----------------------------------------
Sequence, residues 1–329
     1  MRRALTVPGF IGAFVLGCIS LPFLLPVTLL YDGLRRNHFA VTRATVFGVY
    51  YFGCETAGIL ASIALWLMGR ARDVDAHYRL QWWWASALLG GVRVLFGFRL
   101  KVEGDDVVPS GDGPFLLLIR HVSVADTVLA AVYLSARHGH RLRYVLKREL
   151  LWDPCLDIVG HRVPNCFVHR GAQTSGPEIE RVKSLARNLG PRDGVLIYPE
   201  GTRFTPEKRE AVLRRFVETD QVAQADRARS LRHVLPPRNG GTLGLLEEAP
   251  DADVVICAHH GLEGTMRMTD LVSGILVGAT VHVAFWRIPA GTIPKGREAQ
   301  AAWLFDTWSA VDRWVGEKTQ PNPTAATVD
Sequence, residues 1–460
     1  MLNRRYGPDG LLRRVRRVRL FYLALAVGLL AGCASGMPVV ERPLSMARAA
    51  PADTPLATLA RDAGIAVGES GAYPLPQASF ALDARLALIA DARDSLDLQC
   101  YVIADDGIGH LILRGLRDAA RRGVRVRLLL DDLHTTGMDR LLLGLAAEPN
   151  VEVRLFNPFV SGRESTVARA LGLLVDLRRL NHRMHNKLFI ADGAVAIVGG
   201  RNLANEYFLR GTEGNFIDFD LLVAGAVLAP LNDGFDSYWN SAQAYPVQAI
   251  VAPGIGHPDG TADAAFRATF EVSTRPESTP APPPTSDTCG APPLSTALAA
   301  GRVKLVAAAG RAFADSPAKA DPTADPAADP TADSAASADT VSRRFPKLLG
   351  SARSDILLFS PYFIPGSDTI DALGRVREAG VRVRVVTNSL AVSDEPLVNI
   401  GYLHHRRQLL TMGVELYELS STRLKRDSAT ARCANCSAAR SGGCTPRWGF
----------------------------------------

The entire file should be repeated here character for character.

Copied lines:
Sequence, residues 1–329
     1  MRRALTVPGF IGAFVLGCIS LPFLLPVTLL YDGLRRNHFA VTRATVFGVY
    51  YFGCETAGIL ASIALWLMGR ARDVDAHYRL QWWWASALLG GVRVLFGFRL
   101  KVEGDDVVPS GDGPFLLLIR HVSVADTVLA AVYLSARHGH RLRYVLKREL
   151  LWDPCLDIVG HRVPNCFVHR GAQTSGPEIE RVKSLARNLG PRDGVLIYPE
   201  GTRFTPEKRE AVLRRFVETD QVAQADRARS LRHVLPPRNG GTLGLLEEAP
   251  DADVVICAHH GLEGTMRMTD LVSGILVGAT VHVAFWRIPA GTIPKGREAQ
   301  AAWLFDTWSA VDRWVGEKTQ PNPTAATVD
Sequence, residues 1–460
     1  MLNRRYGPDG LLRRVRRVRL FYLALAVGLL AGCASGMPVV ERPLSMARAA
    51  PADTPLATLA RDAGIAVGES GAYPLPQASF ALDARLALIA DARDSLDLQC
   101  YVIADDGIGH LILRGLRDAA RRGVRVRLLL DDLHTTGMDR LLLGLAAEPN
   151  VEVRLFNPFV SGRESTVARA LGLLVDLRRL NHRMHNKLFI ADGAVAIVGG
   201  RNLANEYFLR GTEGNFIDFD LLVAGAVLAP LNDGFDSYWN SAQAYPVQAI
   251  VAPGIGHPDG TADAAFRATF EVSTRPESTP APPPTSDTCG APPLSTALAA
   301  GRVKLVAAAG RAFADSPAKA DPTADPAADP TADSAASADT VSRRFPKLLG
   351  SARSDILLFS PYFIPGSDTI DALGRVREAG VRVRVVTNSL AVSDEPLVNI
   401  GYLHHRRQLL TMGVELYELS STRLKRDSAT ARCANCSAAR SGGCTPRWGF